Richardson & Glenn Highways;

    3) A spur-line off a main-line to Alberta, down the Parks Highway to Cook Inlet; and

    4) A spur-line off a main-line to Alberta, down the Glenn & Richardson Highways to
       Cook Inlet.

The State of Alaska intends to identify the preferred project from the four options,
develop the associated right-of-way, a cost analysis, and facilitate discussions and
agreements between gas producers and gas purchasers. Once these efforts are complete,
assuming the chosen project is economic, the State of Alaska will provide the private
sector the opportunity to purchase these assets and develop the project.

III. Related Federal and Canadian Activities

       A. Operations of the Federal Coordinator

       The Office of the Federal Coordinator for Alaska Natural Gas Transportation
Projects (OFC), pursuant to Section 106 of ANGPA, continues to coordinate the actions
of federal agencies regarding Alaska natural gas transportation projects and to provide a
liaison function to ensure communication with Congress, the State of Alaska, and federal
U.S. and Canadian agencies. As established in the June 2006 MOU, the OFC is
responsible for working with the federal interagency team to create a consolidated project
Implementation Plan. The OFC is completing the Implementation Plan in phases and
will prepare one for each project applicant that enters the FERC Pre-filing process.

       On June 9, 2009, the OFC completed the first phase of the Implementation Plan
specific to the Denali project. The first phase includes the period of time from beginning
the FERC Pre-filing process until the FERC deems Denali’s application complete. The
second phase of the plan will cover the EIS development period. The OFC currently is

  ENSTAR Natural Gas Company, a large natural gas distribution company in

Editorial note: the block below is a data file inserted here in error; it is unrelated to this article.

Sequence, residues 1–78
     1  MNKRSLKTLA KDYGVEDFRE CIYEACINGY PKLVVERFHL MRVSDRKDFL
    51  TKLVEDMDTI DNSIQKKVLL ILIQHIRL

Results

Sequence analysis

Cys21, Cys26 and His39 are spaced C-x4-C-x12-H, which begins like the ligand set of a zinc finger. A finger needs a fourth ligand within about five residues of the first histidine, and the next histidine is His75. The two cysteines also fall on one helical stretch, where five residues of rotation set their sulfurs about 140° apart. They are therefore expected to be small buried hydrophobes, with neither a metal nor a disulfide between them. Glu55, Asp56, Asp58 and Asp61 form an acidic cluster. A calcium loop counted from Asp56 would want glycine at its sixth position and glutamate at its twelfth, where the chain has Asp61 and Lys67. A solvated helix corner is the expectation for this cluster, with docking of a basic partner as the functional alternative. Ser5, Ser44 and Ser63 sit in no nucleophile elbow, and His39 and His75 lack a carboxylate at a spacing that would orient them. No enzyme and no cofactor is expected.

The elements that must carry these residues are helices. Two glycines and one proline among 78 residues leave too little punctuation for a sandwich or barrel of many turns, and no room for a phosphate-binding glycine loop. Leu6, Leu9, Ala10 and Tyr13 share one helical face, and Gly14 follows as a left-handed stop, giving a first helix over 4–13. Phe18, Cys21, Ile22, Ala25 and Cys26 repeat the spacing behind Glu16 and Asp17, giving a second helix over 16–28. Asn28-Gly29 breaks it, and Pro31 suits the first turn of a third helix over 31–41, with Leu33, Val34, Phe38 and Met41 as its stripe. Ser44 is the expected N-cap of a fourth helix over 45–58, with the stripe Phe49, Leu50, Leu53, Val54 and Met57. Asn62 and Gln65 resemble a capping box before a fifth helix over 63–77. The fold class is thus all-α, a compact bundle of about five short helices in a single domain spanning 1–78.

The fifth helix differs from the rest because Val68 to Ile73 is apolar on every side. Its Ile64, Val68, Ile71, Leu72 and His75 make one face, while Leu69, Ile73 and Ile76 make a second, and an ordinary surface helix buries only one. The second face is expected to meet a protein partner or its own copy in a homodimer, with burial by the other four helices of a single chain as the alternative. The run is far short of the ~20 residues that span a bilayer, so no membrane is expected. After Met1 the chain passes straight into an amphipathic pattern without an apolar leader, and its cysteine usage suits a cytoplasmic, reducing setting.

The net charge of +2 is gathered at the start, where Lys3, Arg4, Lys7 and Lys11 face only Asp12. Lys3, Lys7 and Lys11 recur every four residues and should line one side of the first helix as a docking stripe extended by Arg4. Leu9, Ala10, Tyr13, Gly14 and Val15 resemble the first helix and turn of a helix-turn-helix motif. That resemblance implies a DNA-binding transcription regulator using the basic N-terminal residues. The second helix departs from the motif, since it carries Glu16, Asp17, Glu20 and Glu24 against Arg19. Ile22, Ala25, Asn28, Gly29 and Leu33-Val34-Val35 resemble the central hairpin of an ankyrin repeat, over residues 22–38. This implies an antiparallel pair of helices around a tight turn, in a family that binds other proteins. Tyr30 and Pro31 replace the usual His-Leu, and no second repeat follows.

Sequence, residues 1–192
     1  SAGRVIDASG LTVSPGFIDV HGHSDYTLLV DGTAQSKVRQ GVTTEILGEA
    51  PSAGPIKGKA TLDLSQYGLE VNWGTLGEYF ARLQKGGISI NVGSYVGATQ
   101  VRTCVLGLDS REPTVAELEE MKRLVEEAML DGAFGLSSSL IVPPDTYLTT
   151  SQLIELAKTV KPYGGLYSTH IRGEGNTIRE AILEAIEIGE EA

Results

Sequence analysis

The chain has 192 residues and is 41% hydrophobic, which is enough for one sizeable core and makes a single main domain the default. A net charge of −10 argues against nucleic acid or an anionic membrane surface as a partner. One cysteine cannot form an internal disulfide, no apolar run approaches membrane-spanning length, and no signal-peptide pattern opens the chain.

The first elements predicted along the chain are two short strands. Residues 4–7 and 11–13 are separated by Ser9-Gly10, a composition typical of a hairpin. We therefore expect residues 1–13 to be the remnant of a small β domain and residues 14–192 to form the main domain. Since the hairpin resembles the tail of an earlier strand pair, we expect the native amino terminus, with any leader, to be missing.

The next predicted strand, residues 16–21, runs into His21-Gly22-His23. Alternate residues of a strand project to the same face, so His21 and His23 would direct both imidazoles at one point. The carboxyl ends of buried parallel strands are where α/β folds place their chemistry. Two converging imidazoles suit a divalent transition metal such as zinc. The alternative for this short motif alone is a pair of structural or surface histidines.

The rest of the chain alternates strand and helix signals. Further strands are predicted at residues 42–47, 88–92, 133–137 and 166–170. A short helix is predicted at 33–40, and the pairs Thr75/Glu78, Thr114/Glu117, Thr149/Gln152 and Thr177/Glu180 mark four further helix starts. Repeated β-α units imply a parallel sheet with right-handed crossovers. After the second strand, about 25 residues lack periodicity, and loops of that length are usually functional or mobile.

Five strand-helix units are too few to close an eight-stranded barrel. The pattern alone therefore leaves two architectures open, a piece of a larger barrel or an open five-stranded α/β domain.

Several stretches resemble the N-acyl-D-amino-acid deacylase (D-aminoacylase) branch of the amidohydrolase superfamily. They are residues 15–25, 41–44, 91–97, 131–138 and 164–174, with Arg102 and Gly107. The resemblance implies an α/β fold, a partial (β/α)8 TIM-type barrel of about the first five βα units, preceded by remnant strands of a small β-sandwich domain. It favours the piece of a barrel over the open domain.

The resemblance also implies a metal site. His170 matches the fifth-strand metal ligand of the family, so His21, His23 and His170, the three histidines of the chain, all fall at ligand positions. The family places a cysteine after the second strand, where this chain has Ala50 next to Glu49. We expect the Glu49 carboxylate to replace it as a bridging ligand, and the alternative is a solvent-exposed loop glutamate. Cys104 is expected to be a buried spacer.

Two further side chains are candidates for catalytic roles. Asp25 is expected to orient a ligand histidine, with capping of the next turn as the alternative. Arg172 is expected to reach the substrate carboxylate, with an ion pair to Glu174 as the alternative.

Alaska, continues to work with the State of Alaska (under the direction of the Governor’s
office) on route selection, regulatory matters, and permitting for an in-state pipeline.

working on a first phase Implementation Plan specific to the TC Alaska project and
expects to complete it by the end of 2009.

       The OFC meets regularly with the federal interagency team and with the Senior
Intergovernmental Management Team, comprised of the Federal Coordinator and senior
government officials for the State of Alaska and the Canadian federal government, as
well as representatives from Denali and TC Alaska. The Federal Coordinator continues
to negotiate a joint surveillance and monitoring agreement with the State of Alaska as
required in Section 106(e) of ANGPA.

       B. U.S. Department of Energy

       The U.S. Department of Energy's (DOE) program office for the federal loan
guarantee program for the Alaska natural gas transportation project monitored the
developments of potential project sponsors. When a more complete commercial project
emerges from TC Alaska, Denali, or another sponsor(s), DOE will proceed with
structuring the loan guarantee program.

       C. Developments in Canada

       The regulatory scheme in Canada for the Canadian segments of Denali and TC
Alaska has been clarified such that now the role of three agencies is being better
coordinated. These agencies are the Major Projects Management Office (MPMO),
Northern Pipeline Agency (NPA), and the Canadian Environmental Assessment Agency
(CEAA). Both the MPMO and NPA are located within the Natural Resources Canada
(NRCan), which is akin to the U.S. Department of Energy. The MPMO will coordinate
the Denali project, while the NPA is responsible for managing the TransCanada’s
proposal in Canada, which is also known as the Foothills Project. The National Energy
Board of Canada will also be involved with both projects for tariff and toll issues, as well
as evaluating the merits of Denali’s proposal in Canada. Canadian officials are
developing coordinated permitting timelines for both projects such that permitting and
regulatory work in Canada is expected to coincide with permitting and regulatory activity
in the United States.

IV. Conclusion

       There are now two proposals for a mainline Alaska natural gas pipeline project in
the Commission’s Pre-filing review process. While Denali and TC Alaska have
continued to advance in their detailed planning and project design stages, both companies
are currently concentrating the bulk of their efforts on obtaining the information
necessary to conduct their respective Open Seasons in 2010. The Alaska Open Season(s)
are commercial opportunities for potential customers to compete for and acquire capacity
on a proposed Alaska natural gas pipeline(s).

        Recent infrastructure needs assessments by Denali, TC Alaska, and the Alaska
Department of Transportation and Public Facilities indicate that a large number of
projects to improve or repair highways, bridges, ports, and airstrips must be completed
prior to initiating construction of an Alaska natural gas pipeline by either Denali or TC
Alaska. Because these infrastructure improvements are long-term efforts that require
permitting and funding, greater progress in this area must be made to avoid conflicting
with the projected timeline for pipeline construction.